because their material properties can be adjusted over a wide range by modifying their molecular building blocks. Scientists at LMU Munich and the University of Cambridge took advantage thereof to design COFs that were ideal for their purposes. They have made use of the modular construction principle of the COFs and designed the ideal building block for our purposes with a specific thienoisoindigo molecule. Incorporated into a COF, the new component demonstrates how strongly it can improve the COF’s properties. At the same time, the new COF structures are much more sensitive to electrochemical oxidation. This means that even a low applied voltage is sufficient to trigger a colour change of the COFs, which is also completely reversible. In addition, this happens at very high speed: the response time for a complete and distinct colour change by oxidation is around 0.38 seconds, while the reduction back to the initial state takes only about 0.2 seconds. This makes the e-conversion team’s electrochromic organic frameworks among the fastest and

most efficient in the world. Several things in particular are responsible for the high speed. First: the conductive framework structure of the COFs enables fast electron transport in the lattice. And thanks to an optimized pore size, the surrounding electrolyte solution can quickly reach every corner. This is essential because the positive charge generated in the oxidized COF structure must quickly be charge-compensated by negative electrolyte ions. Last but not least, the product of the Munich scientists who are part of the e-conversion cluster of excellence has a very high stability. Long-term tests showed that the material was able to maintain its performance even after 200 oxidation-reduction cycles. According to LMU, these fundamental findings advances the development of a new class of high-performance electrochromic coatings. LMU> More about COF’s>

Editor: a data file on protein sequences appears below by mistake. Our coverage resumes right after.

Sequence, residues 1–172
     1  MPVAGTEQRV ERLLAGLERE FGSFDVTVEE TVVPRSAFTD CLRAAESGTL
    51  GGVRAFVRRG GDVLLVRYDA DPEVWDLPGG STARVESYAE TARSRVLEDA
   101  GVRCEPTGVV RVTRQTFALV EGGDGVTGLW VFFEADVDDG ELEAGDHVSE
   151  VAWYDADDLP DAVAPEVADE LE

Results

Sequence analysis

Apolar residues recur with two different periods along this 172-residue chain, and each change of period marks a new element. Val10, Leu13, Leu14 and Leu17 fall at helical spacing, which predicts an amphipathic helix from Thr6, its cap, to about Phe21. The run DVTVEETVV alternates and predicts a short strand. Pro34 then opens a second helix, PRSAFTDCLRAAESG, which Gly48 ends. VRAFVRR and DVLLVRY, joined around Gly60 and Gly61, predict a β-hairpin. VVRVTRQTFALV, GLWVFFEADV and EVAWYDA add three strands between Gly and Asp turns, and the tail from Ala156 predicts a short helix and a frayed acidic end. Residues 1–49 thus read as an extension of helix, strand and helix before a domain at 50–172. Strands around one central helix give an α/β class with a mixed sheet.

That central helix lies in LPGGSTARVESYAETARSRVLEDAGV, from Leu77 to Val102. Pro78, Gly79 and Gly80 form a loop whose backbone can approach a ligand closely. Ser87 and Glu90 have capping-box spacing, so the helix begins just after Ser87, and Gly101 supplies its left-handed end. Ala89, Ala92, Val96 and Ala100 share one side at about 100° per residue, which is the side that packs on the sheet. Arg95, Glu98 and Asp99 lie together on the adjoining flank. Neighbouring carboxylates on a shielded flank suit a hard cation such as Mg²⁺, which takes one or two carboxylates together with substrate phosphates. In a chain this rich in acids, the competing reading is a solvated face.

Self-assembled Vertically Aligned Nanocomposites for Solid-State Batteries The need to use solid-state batteries arises from the safety problems and limitations of conventional batteries’ liquid electrolytes. However, simply using solid-state electrolytes reduces the battery’s specific power; that is how fast it can charge/discharge. This limitation can be overcome by employing tridimensional geometries. Daniel Monteiro Cunha (University of Twente) focused on using self-assembled methods, via Pulsed Laser Deposition (PLD), to create lithium-containing Vertically Aligned Nanocomposites (VAN) to form such 3D geometries for application in solid-state batteries. Lithium-ion batteries are the primary power source for many applications - from portable electronics to electric vehicles, but none of the current devices can fully satisfy all the requirements for the projected energy storage needs. Standard rechargeable batteries are based on liquid electrolytes, which limit their